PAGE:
More women are graduating in STEM in GCC but there is a long way to go: Survey

By Sindhu Kashyaap
November 08, 2022, Updated on : Fri Nov 25 2022 09:26:20 GMT+0000
More women are graduating in STEM in GCC but there is a long way to go: Survey
PwC MENA Women in Work Survey 2022 found that while more women are joining the workforce in the region, there still is a long way to go.
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According to PwC’s MENA Women in Work Survey 2022, the participation of women in the workforce across the region is between 20% and 40%, with the Gulf countries ranking the highest, and Egypt and Jordan the lowest. 


The PwC survey was carried out among women aged between 18 and 35 years to assess their professional experiences and ambitions. The company surveyed over 1,500 women in the age bracket across Lebanon, Oman, Bahrain, Qatar, Saudi Arabia, the UAE, Egypt, Jordan, and Kuwait. The report noted that these countries are home to close to 81 million people, and have a combined GDP of close to $2 trillion. 


It found that women in the Middle East and North Africa region have made significant gains and have become a vital part of the region’s workforce. It said a large group of younger women are more likely to go to work and remain in employment to fulfil their ambitions. 

“They are highly educated and motivated women who are increasingly visible across both the public and private sectors. These include roles in diplomacy, policymaking, entrepreneurship, and corporate leadership,” explained the report. 

It added that close to 40% of working-age women in the GCC region are employed. Here are some of the key findings of the report.

Women in Gulf

As taken from the PwC report

Young women are advancing despite steep barriers

The PwC report has found that young MENA women are more likely to be in the workforce. The GCC countries—particularly the UAE, Saudi Arabia, and Qatar—have seen advances in labour force participation. 


The report stated that this progress is closely connected to women’s education in the region. They are well represented in science, technology, mathematics, and engineering disciplines. 


It cited stated that between 34% (Egypt, Saudi Arabia) and 56% (Oman) of STEM graduates in MENA are women—a much higher proportion than in the US (22%) or Europe (34%).


The region is also becoming home to a significantly large number of women entrepreneurs. A study by Arabnet in 2019 found that between 10% and 20% of the startups across the MENA region are led by women.


While the numbers are encouraging, there still is room for improving the employment and career opportunities for women in the region. “Their increasing access to higher education isn’t yet matched to the proportion to the rise in workforce participation. Also, female representation at senior management levels remains low because many women exit the labour market after marriage or having children.” 

Women in Gulf

As taken from the PwC report

Expectations fall short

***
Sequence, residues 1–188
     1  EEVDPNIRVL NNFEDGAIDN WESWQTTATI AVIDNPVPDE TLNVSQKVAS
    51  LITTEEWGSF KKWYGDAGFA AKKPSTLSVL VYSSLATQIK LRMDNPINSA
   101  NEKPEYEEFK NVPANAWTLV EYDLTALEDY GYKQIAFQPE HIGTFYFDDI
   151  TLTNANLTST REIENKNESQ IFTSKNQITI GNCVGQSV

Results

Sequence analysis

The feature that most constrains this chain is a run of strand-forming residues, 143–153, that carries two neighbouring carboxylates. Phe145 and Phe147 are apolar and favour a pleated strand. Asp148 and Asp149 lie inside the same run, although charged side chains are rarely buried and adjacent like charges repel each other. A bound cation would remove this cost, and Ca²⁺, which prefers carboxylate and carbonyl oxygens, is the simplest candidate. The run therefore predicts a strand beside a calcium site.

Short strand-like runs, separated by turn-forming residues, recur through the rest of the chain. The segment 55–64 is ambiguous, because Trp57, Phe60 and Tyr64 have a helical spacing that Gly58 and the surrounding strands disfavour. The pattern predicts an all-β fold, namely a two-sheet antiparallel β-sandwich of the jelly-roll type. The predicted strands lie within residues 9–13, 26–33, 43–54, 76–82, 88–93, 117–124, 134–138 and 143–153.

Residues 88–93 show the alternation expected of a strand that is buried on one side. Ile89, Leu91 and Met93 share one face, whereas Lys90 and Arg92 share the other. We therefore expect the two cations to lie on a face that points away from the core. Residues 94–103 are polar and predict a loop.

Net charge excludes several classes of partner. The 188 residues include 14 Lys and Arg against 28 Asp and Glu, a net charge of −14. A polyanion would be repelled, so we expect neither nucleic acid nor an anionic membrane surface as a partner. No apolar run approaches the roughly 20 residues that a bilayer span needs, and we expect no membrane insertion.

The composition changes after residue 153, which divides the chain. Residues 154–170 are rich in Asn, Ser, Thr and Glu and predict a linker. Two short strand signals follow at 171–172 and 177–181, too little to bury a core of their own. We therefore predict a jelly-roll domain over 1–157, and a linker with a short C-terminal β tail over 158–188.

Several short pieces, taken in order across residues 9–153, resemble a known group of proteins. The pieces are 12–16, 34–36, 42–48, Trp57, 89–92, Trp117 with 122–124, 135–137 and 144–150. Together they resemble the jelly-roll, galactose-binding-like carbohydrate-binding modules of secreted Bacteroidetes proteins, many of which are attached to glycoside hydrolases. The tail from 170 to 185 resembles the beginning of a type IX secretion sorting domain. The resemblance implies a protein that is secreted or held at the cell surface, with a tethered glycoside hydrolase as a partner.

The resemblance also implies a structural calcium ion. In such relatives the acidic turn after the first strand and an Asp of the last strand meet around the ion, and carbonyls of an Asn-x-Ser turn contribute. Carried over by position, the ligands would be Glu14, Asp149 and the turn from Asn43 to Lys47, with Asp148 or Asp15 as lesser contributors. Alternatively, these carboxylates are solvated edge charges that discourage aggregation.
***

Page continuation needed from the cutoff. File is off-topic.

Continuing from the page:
It added that as of 2019, only 7.6% of the managerial positions in Saudi organisations were held by women. Meanwhile, in Qatar, it was 13.9%, in the UAE it was 21.5%, and in Lebanon, it was 21.2%. 

"For MENA countries, PwC analysis of World Bank data suggests that increased female employment participation could increase GDP across the MENA region by 57%, or as much as $2.0 trillion,” stated the report.

Though the report found that women were highly motivated and keen to make their mark in the workplace, unfortunately, the experiences are falling short of expectations. It added that the assurance of being treated the same as their male colleagues and given equal training, development, and career opportunities is not reflected in their actual experience.


The report added: “84% of respondents aspire to become leaders in their field, 80% are confident about their ability to lead others, and 86% believe they have the skills and experience to progress to the next level of their career.” 

Women in Gulf

As taken from the PwC report


However, work is not the only priority for young MENA women. 

“Almost all of the survey respondents (94%) say they value employers who help them to achieve a work-life balance, while 80% feel it is important to play a leading role in looking after their families. This suggests that young women value their time outside of work, whether it is to maintain their own wellbeing, cultivate personal interests and their own development, or to fulfill their roles and responsibilities within their families,” it further stated. 

However, to address the steep barriers women face in their career progression, the countries must follow a more targeted approach, the report concluded. 


“To take two examples, young women in Saudi Arabia particularly require female leaders and role models who can inspire them to reimagine the possible; while young women in Oman desire international exposure and networking opportunities to pursue new challenges. The career aspirations and needs of young MENA women cannot be addressed effectively with a one-size-fits-all monolithic strategy,” said the report.  


Edited by Kanishk Singh

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